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Direct Line - final dividend ditched as claims rise

Direct Line expects total weather claims to be in the region of £140m for 2022, well ahead of the £73m previously estimated

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Direct Line expects total weather claims to be in the region of £140m for 2022, well ahead of the £73m previously estimated. This comes as December saw a significant increase in claims due to prolonged and severe cold weather.

Motor trading improved in the fourth quarter compared to the third, with own brand policies broadly flat and gross written premiums down 2%. Claims inflation remains a challenge, and along with an increase in claims frequency over the fourth quarter, the motor loss ratio (claims + costs / premium income) for 2022 is expected to rise by around 6 percentage points.

The investment property portfolio saw a drop in valuation of around 15%, or £45m. Occupancy levels remain at around 95%.

All in, Direct Line expects to see its combined operating ratio (COR), normalised for weather, for 2022 at around 102% to 103%. COR is a measure of profitability, anything above 100% suggests total costs are higher than premiums. For 2023, higher claims inflation is expected to increase COR by around 2-3 percentage points from the previous target of 95%.

Fourth quarter challenges put capital coverage at the lower end of the target range. As such, the board has decided not to pay a final dividend for the 2022 financial year.

The shares were down 27.3% in early trading.

View the latest Direct Line share price and how to deal

Our view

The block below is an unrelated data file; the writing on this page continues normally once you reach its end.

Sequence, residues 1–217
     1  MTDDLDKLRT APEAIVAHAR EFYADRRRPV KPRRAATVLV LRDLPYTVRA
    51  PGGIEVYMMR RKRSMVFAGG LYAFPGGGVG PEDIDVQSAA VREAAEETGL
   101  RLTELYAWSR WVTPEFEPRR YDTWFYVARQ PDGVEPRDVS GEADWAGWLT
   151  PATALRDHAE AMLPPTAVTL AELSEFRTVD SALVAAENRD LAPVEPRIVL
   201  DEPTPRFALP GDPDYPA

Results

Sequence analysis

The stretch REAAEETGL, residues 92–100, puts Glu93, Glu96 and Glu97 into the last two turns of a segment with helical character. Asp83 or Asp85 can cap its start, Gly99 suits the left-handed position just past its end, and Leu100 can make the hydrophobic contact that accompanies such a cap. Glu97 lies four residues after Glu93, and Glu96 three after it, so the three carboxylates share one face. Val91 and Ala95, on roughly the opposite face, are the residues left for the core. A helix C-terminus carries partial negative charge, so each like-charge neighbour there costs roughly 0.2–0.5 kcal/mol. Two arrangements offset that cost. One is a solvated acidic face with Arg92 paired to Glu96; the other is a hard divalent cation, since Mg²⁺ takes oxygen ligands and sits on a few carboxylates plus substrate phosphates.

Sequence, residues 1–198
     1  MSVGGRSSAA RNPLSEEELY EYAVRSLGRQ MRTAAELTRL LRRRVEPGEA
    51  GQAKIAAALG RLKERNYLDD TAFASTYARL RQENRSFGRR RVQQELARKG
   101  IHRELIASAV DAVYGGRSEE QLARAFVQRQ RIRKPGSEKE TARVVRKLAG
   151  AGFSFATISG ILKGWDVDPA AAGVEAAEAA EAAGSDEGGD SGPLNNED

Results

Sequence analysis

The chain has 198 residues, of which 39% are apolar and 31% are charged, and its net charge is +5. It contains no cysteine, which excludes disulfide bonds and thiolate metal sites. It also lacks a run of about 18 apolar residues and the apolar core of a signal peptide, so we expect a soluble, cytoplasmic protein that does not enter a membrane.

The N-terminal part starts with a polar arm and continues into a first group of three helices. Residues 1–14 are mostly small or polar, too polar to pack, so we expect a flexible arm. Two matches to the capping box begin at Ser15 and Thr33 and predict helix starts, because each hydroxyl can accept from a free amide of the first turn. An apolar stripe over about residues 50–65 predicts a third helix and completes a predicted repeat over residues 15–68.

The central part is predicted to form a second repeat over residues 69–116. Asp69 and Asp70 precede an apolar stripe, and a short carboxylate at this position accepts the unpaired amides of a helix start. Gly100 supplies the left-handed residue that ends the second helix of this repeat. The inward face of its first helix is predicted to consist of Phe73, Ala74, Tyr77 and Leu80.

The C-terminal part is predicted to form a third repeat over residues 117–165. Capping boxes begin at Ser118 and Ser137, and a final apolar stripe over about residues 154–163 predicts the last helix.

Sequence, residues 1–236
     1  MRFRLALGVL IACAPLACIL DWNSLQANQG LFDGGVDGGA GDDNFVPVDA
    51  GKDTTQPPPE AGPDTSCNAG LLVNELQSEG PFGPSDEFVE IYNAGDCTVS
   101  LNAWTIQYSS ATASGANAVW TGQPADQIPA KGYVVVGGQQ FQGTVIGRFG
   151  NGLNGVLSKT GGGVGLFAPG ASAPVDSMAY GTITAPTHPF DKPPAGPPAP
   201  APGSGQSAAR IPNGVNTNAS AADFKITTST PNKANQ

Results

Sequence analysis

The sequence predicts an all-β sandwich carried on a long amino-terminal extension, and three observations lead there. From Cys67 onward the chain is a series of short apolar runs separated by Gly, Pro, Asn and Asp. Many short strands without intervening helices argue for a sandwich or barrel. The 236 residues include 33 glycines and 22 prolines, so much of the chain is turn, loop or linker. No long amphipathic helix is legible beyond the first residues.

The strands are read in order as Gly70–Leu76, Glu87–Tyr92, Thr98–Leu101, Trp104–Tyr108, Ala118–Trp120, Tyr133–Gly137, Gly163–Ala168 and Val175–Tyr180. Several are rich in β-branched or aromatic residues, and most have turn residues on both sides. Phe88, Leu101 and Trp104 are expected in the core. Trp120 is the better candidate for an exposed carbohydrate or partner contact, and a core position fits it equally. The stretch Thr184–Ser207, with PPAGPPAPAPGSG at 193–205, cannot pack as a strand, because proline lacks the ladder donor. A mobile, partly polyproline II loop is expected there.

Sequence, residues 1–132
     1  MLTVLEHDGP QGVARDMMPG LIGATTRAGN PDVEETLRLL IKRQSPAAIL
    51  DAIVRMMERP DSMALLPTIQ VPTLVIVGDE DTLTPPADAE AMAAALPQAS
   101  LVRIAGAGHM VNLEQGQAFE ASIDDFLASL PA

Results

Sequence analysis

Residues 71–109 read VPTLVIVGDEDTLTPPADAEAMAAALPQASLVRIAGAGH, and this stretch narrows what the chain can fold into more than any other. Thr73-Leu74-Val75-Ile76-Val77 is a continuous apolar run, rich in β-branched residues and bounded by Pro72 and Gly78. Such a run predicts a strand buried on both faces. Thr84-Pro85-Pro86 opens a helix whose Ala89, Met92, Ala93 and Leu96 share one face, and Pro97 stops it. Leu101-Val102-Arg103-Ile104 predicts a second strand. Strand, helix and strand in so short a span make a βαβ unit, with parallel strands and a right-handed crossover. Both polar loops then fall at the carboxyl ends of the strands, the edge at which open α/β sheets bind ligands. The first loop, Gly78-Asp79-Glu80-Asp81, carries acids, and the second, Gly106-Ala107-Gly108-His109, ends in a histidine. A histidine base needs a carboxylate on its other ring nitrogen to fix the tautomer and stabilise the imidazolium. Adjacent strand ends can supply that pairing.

Having spent most of the last 6 months with a forward dividend yield over 10%, Direct Line's finally succumbed to trading pressures and the final dividend's been given the chop. Markets are unsurprisingly concerned, not least because management have been reassuring investors that the final dividend was secure. This is a perfect reminder that returns are never guaranteed and we wouldn't be surprised to see the yield come under more pressure over 2023.

There are a few elements to unpick here. Poor weather conditions over December meant a material increase in weather-related claims, pushing annual levels to around double of more typical numbers. Weather's also had a knock-on effect to motor claims, which trended higher in the fourth quarter.

When we add in the ongoing struggles with inflation, which is pushing the cost of covering insurance claims higher, profitability comes under pressure.

An insurers combined operation ratio measures the percentage of premiums that are paid out as claims or expenses. Direct Lines slew of claims and higher costs means that's now expected to come in at over 100% for the current financial year, into non profit territory. 2023 looks under pressure too, expected around 97-98% - that doesn't leave much wiggle room.

More broadly, personal insurance remains highly competitive, and with rivals offering pretty generic products, few companies can maintain any semblance of pricing power. That has tended to have negative consequences for combined operating ratios as companies are forced to cut prices to attract customers. Price comparison websites have only exacerbated the problem.